I prefer a machine with a standard electric motor that can be sourced anywhere. I favor V ways over flat ways. Even with considerable wear in the V ways it is still possible to hold size. On flat ways the wear is concentrated in a small area near the headstock, If the gibs are adjusted for the un-worn part of the bed there will be slack at the worn end therefore it is impossible to hold size.

I have owned South Bend lathes since the 60s. They have V ways, a standard motor, step pulley drive, and back gears. I believe Boxford is a near clone of the South Bend so I would recommend it. Colchester made great lathes but I am not familiar with the smaller sizes. Emco made some great lathes. Stefan Gotteswinter uses one.

I am not opposed to a Reeves type variable speed for lathes although repair parts are pricey.

br22/01/2021 21:13:30
458 forum posts
3 photos

Very interesting comments ,John

The three lads and myself have a ML7 and a Unimat 3 each for the simple reason that if a motor goes it is simple to sort. Unimats updated to run 24v dc motors.


Oily Rag22/01/2021 22:31:09
310 forum posts
126 photos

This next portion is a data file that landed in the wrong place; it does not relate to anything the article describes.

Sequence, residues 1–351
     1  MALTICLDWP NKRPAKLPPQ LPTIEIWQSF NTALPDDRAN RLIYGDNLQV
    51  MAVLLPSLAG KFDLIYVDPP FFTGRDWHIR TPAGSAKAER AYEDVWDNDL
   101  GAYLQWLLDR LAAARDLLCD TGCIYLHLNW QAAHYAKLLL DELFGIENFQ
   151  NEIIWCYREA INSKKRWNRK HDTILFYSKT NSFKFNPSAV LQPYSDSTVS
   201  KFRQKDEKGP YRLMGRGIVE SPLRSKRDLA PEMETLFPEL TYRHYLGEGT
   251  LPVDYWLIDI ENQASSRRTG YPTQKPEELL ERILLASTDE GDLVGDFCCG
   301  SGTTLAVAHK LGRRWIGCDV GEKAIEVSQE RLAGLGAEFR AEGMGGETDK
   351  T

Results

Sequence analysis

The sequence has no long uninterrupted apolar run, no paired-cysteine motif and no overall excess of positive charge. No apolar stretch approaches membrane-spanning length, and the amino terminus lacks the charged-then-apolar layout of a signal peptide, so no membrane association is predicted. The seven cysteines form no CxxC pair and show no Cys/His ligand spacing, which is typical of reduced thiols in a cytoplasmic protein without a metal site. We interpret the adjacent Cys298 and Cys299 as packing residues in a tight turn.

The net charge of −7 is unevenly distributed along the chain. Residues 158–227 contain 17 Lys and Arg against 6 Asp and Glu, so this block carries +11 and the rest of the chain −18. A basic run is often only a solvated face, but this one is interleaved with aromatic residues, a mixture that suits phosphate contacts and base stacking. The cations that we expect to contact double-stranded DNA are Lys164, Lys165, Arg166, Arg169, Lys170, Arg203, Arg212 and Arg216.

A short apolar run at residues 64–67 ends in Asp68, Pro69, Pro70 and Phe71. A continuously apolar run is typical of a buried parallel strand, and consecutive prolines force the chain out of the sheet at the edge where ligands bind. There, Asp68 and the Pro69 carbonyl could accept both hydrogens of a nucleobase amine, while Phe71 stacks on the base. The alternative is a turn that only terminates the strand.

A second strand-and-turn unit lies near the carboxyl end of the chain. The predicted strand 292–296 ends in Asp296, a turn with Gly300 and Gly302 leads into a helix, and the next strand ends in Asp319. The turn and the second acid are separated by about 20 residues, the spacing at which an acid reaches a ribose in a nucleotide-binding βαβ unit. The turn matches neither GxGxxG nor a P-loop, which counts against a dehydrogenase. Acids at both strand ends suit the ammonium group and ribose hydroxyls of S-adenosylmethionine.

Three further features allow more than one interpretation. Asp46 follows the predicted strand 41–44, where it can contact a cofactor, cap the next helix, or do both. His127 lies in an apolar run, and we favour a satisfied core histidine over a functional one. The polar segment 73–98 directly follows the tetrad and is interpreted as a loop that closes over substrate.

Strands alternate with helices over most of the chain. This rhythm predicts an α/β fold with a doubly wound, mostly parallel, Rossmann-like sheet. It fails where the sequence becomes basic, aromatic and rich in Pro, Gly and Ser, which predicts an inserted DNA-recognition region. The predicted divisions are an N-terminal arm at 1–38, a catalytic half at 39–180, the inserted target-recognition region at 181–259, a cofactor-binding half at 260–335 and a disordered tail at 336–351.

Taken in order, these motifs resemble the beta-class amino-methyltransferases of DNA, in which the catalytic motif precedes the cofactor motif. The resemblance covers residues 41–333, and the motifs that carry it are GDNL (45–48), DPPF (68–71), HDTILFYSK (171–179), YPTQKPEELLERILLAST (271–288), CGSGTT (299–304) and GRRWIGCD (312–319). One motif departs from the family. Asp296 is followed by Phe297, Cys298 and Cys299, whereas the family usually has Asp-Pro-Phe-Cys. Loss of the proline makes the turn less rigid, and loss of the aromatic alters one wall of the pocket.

"I bought a myford ml7 to make up some air rifle silencers an dispute it being a well built quality machine ...."

What was the outcome of the dispute?

Was the problem with the 1.5mm pitch thread not picking up down to the incorrect selection of the module gear being fitted to the TDI?

Edited By Oily Rag on 22/01/2021 22:34:10

Nealeb23/01/2021 08:23:51
57 forum posts

Did the ML7 ever come with a metric leadscrew? If not, cutting a 1.5mm thread with an 8TPI leadscrew means the TDI is useless anyway. If it had a 3mm pitch leadscrew, then pickup could be at any point and you don't need the TDI.

Says someone who bought an old English lathe with metric leadscrews that came with all sorts of extras - except the additional worm wheels for the TDI for the full range of pitches. Imperial threads on an imperial lathe are so much easier!